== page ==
The organization of the electricity market, electricity transmission and distribution are regulated activities performed as public services:
HROTE is responsible for the organization of the electricity market,
HEP-Operator prijenosnog sustava (HEP-TSO) is responsible for electricity transmission, maintenance, development and construction of transmission system, and power system control,
HEP-Operator distribucijskog sustava (HEP-DSO) is responsible for electricity distribution, maintenance, development and construction of distribution system.
Regulated energy activities performed as public services also include electricity production for tariff customers and electricity supply of tariff customers. Both activities are performed by HEP Group as a part of a common and integral task of the energy entity having public service obligation of tariff customers’ electricity supply.
Change of supplier
Procedure for change of supplier is prescribed by the General Conditions of Electricity Supply (Official Gazette 14/2006). Procedure is free of charge unless nonstandard services of HEP-TSO or HEP-DSO are required. In such a case, all nonstandard services have to be paid according to the price list for nonstandard services, which is published by HEP-TSO or HEP-DSO.
During realization of bilateral supply contracts and electricity trade contracts deviations between realized and scheduled values are present. Since the power system operation is based on the balance between the electricity demand and supply, there is a constant need for system balancing. The real time system balancing is responsibility of HEP-Operator prijenosnog sustava (HEP-TSO).
In order to cover power system deviations in each hour, HEP-TSO offers balancing energy for sale or purchase to market participants. HROTE calculates the balancing energy, and HEP-TSO according to the calculation charges balancing costs from balance responsible parties. Balance responsible parties are any producer, supplier and trader. Each of them shall enter into the balancing energy contract with HEP-TSO. Calculation and billing of balancing energy are carried out in accordance with Balancing Energy Rules.More info at https://solarserdar.wordpress.com/.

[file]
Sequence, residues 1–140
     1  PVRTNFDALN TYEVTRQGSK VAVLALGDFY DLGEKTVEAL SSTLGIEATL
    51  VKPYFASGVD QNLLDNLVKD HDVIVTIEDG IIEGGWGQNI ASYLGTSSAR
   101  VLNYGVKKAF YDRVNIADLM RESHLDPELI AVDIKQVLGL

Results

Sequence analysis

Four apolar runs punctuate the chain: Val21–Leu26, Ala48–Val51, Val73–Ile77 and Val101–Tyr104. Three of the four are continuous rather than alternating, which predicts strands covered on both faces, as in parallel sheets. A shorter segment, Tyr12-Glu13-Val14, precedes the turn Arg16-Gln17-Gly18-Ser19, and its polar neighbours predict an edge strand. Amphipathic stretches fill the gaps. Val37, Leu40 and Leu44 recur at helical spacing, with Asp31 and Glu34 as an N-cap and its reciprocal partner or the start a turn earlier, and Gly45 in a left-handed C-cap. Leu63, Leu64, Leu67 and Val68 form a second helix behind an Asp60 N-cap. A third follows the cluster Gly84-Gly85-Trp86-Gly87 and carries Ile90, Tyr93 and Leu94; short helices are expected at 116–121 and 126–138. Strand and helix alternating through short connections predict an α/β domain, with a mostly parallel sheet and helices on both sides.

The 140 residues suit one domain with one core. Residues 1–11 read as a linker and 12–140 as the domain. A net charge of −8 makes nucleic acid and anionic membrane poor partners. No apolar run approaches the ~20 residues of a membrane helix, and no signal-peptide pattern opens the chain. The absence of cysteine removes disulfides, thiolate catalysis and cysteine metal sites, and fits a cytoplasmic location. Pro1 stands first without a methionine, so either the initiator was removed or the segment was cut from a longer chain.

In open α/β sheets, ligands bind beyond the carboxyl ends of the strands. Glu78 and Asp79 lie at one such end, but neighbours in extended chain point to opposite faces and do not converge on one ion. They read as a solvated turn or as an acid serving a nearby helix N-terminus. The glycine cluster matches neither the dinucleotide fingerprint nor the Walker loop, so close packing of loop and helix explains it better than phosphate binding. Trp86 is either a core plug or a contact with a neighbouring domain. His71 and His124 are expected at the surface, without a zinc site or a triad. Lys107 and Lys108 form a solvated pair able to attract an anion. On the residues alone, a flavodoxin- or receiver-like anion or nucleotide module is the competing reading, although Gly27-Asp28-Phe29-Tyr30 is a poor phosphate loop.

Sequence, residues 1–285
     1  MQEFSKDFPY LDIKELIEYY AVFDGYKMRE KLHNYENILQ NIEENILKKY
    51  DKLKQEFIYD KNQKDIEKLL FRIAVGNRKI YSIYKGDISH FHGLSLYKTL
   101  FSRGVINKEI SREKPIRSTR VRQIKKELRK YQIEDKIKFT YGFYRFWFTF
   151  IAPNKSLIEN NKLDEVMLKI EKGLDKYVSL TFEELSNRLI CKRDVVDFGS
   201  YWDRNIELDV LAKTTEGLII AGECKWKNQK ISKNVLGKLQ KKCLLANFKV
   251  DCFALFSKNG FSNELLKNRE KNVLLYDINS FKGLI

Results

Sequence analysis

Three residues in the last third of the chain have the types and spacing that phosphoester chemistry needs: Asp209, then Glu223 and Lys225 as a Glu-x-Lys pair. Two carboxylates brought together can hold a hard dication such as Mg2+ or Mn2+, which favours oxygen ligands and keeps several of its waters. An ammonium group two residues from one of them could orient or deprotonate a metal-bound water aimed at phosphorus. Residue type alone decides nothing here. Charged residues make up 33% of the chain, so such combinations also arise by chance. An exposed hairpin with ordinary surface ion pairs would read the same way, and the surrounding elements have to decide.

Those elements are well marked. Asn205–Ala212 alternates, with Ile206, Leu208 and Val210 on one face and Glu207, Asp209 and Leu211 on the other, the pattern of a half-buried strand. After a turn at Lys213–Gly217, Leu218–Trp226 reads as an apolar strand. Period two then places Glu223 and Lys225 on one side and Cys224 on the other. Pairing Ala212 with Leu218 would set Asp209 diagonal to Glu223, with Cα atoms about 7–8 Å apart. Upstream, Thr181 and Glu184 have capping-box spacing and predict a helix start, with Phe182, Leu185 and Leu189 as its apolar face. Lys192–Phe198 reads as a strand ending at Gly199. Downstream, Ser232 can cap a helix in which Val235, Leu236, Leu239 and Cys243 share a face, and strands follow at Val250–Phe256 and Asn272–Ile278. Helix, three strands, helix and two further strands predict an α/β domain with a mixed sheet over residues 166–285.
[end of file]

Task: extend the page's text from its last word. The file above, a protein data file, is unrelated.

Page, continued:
Renewables and cogeneration
“You see, we should make use of the forces of nature and should obtain all our power in this way. Sunshine is a form of energy, wind and sea currents are manifestations of this energy. Do we make use of them? Oh no! We burn forests and coal, like tenants burning down our front door for heating. We live like wild settlers and not as though these resources belong to us.“
Thomas A. Edison, 1916
The incentive fee for electricity production from renewable energy sources and cogeneration
According to the Ordinance on Fees for Incentivizing Electricity Production from Renewable Energy Sources and Cogeneration (Official Gazette 33/2007),), that was passed by the Government of Republic of Croatia, the incentive fee is collected from all electricity customers in Croatia starting from 1 July 2007.
The collected fees are used by Croatian Energy Market Operator for payment of incentive price to eligible producers for electricity delivered to the power system, in compliance with the Tariff System for the Production of Electricity from Renewable Energy Sources and Cogeneration (Official Gazette 33/2007).
The incentive fee is collected through usual electricity payments, hence from tariff customers through money order of HEP-Operator distribucijskog sustava d.o.o. (by specific distribution area) and from eligible customers by their suppliers.